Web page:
Roger Federer believes his Wimbledon quarter-final opponent Kei Nishikori is ready to challenge for grand slams.
The Japanese, who reached the US Open final in 2014, has moved seamlessly into the last eight for the second year running, but faces the toughest test of all against Federer on Centre Court.
Nishikori is at least fit and firing, having often struggled with injuries in key matches in the past, and will have to be at his very best to stop the eight-time champion racking up a century of wins at SW19.
Federer, who has barely broken sweat on his way to the quarters, is wary, though.
“I think it’s going to be tough,” he said. “He’s getting into quarters with a lot of energy.
“I remember some of the slams recently he arrived into the later stages of slams with maybe some tough matches going into it. So far it’s been really easy for him.
“I think he’s ready. I’m a big fan of his game. I think he’s got one of the best backhands in the game that we have right now.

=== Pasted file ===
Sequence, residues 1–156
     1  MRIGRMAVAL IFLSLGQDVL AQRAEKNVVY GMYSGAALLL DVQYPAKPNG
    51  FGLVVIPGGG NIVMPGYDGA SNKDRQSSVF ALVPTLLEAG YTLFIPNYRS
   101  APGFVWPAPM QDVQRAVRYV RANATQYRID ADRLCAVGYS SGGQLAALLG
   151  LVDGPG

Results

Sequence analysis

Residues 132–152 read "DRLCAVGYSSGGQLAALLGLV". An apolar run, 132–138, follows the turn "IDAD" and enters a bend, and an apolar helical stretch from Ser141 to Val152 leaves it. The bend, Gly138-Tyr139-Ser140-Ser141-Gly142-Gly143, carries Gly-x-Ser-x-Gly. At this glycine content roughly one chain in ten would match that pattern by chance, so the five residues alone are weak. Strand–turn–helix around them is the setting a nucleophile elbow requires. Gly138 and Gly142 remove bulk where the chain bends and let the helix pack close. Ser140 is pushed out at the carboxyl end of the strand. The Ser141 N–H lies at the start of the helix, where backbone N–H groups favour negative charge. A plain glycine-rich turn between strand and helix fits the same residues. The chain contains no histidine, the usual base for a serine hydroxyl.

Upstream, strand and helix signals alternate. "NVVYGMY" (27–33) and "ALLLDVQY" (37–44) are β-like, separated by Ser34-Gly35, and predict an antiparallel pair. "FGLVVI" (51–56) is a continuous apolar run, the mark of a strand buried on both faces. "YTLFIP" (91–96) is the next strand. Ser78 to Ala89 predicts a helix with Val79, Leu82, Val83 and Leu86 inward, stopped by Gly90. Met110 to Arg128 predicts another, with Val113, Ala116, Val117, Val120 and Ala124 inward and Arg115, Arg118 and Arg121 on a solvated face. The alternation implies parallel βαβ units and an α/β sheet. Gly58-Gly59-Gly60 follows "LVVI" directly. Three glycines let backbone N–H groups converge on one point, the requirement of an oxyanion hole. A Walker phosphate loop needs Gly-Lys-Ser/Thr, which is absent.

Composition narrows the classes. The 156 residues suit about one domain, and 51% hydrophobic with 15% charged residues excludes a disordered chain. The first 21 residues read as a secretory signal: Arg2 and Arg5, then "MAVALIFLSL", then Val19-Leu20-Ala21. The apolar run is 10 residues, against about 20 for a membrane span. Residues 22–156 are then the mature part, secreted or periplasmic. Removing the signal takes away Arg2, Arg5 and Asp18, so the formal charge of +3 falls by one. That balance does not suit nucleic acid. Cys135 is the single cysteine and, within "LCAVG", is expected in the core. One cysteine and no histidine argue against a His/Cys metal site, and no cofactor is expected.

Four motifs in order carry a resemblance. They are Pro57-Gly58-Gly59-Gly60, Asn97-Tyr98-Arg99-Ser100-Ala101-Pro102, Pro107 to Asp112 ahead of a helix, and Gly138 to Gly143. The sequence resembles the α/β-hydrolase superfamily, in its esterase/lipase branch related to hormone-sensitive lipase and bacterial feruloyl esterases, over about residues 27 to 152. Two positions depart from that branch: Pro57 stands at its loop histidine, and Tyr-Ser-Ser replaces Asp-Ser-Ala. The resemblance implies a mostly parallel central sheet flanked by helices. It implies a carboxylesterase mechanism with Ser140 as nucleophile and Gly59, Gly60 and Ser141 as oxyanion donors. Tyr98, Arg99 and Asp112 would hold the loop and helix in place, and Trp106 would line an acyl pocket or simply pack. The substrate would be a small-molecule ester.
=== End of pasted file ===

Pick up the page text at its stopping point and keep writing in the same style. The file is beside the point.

“He’s a great return player. Solid mentally. I always thought he was a great talent.”
Nishikori knows the size of the task in front of him.
“I’m sure that I have to play good tennis to beat Roger, because he’s the best player on the grass,” he said.
“I think he seems to be playing good this week, last two weeks so I’m happy to be playing Roger now because I think I’m in good shape now.
“I know it’s not going to be easy, but I will enjoy for sure.”
That is the standout tie of the quarter-finals of a men’s draw that has again highlighted just how far ahead Federer, Novak Djokovic and Rafael Nadal are from the rest.
All three men have dropped just one set so far and will be big favourites to progress.
Nadal is up against 2017 semi-finalist Sam Querrey, who is hoping to blow the Spaniard away with his serve.
“It’s his least favourite place of the slams and he’s been in the final five times. And he’s been rolling through guys,” he said.
“It’s going to be tough. I’m going to have to serve incredibly well, take my chances when I get them, and, you know, hopefully I can have a good day out there.”
Djokovic is up against David Goffin, who is enjoying his best ever run at Wimbledon and ranks his opponent as the best of the big three.
“Novak is playing so well in grand slams,” he said. “It is so tough to beat him in the best of five and especially here on grass.
“I think when he’s playing his best tennis, he is the world number one and is probably the best.
“Even for Roger, it will probably be the toughest challenge for him.”
Quarter-final debutants Robert Bautista Agut and Guido Pella face off in the remaining tie.